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Websense security researcher: protect yourself from Java and Flash vulnerabilities
SECURITY

Websense security researcher: protect yourself from Java and Flash vulnerabilities 

The Flash Player, which views, plays and executes Flash content, is still a requirement to stream on radio and TV websites. The popularity of Java and Flash makes sites running these platforms vulnerable to attacks. Alex Watson, director, security, Websense Labs, shared some advice on how the enterprise can protect itself in a recent exclusive interview with IT in Canada. 

One of the reasons Java is especially at risk for attacks is that the sixth version of the platform will soon lose support from Oracle. “Outdated versions are vulnerable,” Watson noted. The easiest solution for businesses to protect themselves is to move to the most recent version of the platform. However, that is not always possible. Watson explained that some companies cannot simply update their version of Java because some applications will only run on older versions of the platform. 

The situation for Flash users is equally unsettling. Security researchers at Websense discovered that 42% of Canadian companies are not using the most up-to-date version of Flash. Due to Flash’s susceptibility to attacks, Adobe has released 26 security patches for the product in the past year. In the past three months alone, it has made five security patches available for Flash. When users do not update the platform or take advantage of security patches, “it leaves you open to security holes,” Watson said.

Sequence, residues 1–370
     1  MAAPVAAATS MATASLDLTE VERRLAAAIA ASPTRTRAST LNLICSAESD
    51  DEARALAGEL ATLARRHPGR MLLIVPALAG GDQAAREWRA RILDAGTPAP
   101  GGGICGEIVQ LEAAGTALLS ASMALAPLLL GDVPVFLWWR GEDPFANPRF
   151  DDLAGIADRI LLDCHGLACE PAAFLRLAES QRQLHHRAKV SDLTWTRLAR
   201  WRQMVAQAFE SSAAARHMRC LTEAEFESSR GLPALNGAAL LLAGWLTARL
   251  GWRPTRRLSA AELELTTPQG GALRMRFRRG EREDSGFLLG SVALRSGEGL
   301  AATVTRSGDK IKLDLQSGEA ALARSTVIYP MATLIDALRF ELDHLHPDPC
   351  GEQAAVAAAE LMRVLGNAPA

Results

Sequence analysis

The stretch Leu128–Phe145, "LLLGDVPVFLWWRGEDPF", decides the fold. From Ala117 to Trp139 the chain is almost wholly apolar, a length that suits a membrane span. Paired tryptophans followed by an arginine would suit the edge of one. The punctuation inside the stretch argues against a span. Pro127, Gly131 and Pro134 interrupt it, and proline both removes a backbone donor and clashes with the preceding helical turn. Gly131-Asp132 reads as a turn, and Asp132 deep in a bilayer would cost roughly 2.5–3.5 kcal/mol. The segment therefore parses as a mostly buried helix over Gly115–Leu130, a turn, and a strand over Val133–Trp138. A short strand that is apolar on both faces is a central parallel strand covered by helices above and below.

Watson stated that the outlook need not be bleak. He pointed to a recent announcement from Oracle that introduced deployment rule sets in Java 7. Deployment rule sets give administrators the ability to control Java version compatibility. For example, users can protect themselves with the latest version of the platform for most browser applets, although they can still use an older version of Java for business applications. 

Websense Labs’ director of security added that the number of vulnerabilities to which Java is exposed means that enterprises will never be perfectly secure. To that end, companies need to adopt a comprehensive security strategy to protect themselves as best they can.  A comprehensive security strategy involves modeling an attack and observing it at every stage to learn which gaps need closing. Watson also recommended staying abreast of the newest parts of an attack cycle to defend your business against cyber criminals. Deploying technologies that “talk” to each other and complement one another will keep you safe as well, Watson commented. 

 

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